Referring my last post. TechEd turns to be better for me. It seemed, like I simple choose wrong sessions. Last one I attended was really great 9-9. It returns me to the original idea, that I have really serious competitors for my session :) See you there tomorrow 10:45@Hilton.

TechEd Eilat – Day two – I DISAPPOINTED!

TechEd, Eilat, Day two and I’m very disappointed of what’s going on here. I cannot give more, then five of ten to any session I attended. I DISAPPOINTED! I do not want to tell the names of those sessions, however it looks like nether of presenters worked too hard to prepare it. I DISAPPOINTED. I worked more then two weeks to prepare my presentation (incl. repetitions, rewriting, fixing and touching), I have to work two hours more to prepare it finally and I do not know today why I did and will do it. I DISAPPOINTED.

The other huge problem, that neither of sessions stared and finished in time and there are voices in coridors about leaving TechEd today… I DISAPPOINTED DEEPLY DISAPPOINTED.

200488557-001

TechEd day 1 – keynotes – nice presentation, in spite of some bugs

I’m in Eilat, in TechEd event. First impression – very good arrangements. Upon by arrival, the room was ready and it was big and clean. First I couch by some of partners and friends. Then, I was in bloggers meeting, where received some  nice toys to play with. Now, let’s speak about first significant event – the keynotes. Yochai was good, in spite of some technical problem. However, the most problematic one was the fact, that he completely forgot about our promo. Actually, I understand him – 3.5 hours. Second thing in his presentation was IIS7. I have some problem with this stuff. One of them is how it works on Windows Vista (see the live image about how real TechEd Vista looks like)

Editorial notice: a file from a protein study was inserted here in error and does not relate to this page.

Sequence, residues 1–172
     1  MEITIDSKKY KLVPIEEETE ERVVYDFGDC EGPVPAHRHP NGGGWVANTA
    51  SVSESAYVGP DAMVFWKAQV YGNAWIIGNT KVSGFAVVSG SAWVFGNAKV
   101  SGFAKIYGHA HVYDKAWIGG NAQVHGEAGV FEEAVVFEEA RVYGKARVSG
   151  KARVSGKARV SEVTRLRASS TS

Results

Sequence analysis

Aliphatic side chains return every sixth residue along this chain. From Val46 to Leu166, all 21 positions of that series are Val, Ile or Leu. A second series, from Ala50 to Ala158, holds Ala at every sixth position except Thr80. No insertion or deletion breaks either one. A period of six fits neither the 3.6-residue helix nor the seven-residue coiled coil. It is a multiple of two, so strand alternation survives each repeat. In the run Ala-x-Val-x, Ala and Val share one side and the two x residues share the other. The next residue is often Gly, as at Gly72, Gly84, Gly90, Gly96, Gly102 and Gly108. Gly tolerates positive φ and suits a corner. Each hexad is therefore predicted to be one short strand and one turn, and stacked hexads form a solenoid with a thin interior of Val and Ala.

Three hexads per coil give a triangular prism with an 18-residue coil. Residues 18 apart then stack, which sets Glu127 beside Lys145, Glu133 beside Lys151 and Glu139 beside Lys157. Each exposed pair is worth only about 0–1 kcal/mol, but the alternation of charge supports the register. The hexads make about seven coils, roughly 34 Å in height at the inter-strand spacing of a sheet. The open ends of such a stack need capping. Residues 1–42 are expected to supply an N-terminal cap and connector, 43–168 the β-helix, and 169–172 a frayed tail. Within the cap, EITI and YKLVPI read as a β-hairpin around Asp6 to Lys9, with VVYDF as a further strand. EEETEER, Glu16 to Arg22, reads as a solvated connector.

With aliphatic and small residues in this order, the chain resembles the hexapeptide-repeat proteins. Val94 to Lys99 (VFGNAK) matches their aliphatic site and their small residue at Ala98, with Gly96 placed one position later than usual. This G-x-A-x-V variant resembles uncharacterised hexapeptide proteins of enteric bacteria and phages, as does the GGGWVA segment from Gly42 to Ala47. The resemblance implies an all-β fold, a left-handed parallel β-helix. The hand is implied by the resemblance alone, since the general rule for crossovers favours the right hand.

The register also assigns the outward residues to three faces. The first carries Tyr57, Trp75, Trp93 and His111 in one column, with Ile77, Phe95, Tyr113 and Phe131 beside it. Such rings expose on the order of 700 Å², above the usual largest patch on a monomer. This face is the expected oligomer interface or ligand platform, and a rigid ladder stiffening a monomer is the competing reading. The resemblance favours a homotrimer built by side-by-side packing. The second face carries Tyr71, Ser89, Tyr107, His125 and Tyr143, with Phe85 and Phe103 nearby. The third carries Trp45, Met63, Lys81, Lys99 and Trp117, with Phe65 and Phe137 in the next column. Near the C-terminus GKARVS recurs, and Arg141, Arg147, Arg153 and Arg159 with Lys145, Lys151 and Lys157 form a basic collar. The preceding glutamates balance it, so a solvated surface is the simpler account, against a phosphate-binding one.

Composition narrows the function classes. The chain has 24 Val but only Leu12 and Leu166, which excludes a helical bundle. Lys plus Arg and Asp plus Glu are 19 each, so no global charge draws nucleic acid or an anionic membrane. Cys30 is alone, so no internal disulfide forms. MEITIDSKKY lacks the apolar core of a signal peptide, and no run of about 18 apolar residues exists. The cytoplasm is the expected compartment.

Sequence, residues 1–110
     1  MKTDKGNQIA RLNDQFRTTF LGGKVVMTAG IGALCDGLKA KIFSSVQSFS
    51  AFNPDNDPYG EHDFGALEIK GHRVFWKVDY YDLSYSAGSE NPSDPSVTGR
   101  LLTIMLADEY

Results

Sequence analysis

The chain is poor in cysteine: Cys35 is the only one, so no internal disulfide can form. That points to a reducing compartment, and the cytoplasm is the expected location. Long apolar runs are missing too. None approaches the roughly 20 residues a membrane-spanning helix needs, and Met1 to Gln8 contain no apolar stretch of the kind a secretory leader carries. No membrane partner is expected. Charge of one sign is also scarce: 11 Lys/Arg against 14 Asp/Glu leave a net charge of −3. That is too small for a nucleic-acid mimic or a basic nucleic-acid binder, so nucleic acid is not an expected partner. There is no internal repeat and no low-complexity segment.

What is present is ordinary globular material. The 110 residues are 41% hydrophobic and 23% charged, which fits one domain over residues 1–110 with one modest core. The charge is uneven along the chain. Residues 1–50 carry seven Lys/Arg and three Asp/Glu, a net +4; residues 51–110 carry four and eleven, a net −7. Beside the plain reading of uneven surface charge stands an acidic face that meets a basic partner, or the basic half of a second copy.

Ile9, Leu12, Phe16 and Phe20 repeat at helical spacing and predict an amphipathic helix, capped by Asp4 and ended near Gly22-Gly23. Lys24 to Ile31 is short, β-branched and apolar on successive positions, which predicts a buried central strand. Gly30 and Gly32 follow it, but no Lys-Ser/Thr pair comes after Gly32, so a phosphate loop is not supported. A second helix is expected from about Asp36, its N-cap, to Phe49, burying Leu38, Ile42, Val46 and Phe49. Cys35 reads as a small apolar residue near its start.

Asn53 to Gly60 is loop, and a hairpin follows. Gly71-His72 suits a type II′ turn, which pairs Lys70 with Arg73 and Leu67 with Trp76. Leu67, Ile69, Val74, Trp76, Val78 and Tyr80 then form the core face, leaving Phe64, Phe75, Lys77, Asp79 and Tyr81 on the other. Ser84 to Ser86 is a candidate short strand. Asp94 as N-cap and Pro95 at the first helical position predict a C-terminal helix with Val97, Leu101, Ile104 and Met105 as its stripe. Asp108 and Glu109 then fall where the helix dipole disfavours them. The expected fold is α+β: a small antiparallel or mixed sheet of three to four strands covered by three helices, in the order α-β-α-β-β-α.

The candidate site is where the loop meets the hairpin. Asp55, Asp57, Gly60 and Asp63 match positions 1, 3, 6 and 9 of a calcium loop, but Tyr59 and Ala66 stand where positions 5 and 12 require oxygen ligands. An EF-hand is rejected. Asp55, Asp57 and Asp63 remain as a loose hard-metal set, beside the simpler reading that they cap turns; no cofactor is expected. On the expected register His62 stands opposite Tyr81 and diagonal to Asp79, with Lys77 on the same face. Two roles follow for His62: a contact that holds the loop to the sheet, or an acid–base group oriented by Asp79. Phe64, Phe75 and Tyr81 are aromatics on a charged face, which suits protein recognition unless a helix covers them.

Real vista from TechEd

Now to our presentation. Actually, after more then 3 days of working to make IIS on Vista work fluently, I was very disappointed and thus, just recompile IIS asapi filter for Apache on Linux. Do not believe me? Come to see it live.

So by now, I’m going to business center to sit with some partners. If you want to, you’re welcome to catch me there for next hour. See ya and wait for upcoming updates.

VS2005 SP1 update for Vista is rather pity

I was rather disappointed by the new patch for Visual Studio 2005 SP1 for Windows Vista. WTF, the most significant problems such as re-rendering, JIT and elevated account requirement were addressed, but not solved. So what the patch is really for?

Good Icons editor

Lack of VS icon editor? You are not alone. Recently I looked for freeware program to create and edit icons and I found one. Let me introduce IcoFX. Sufficient features and useful interface. I was disappointed, that the program has installer, but it can run from Disk-On-Key as well (either open msi and pick it out or install-copy exe-uninstall)

Here is the list of this soft features:

  • Vista support
  • Alpha channel support
  • Bach processing
  • Some effects (not really useful)
  • Support for icons upto 255X255X32bit
  • Import/Export (from assemblies as well with transparency support)
  • Blur or Sharp brush edges (this one is extremely important for icons creation)
  • Rotatings
  • File types conversion (with PNG support)

The really missing future – stroke, but anyhow, the program is great. Download and use it

Recommended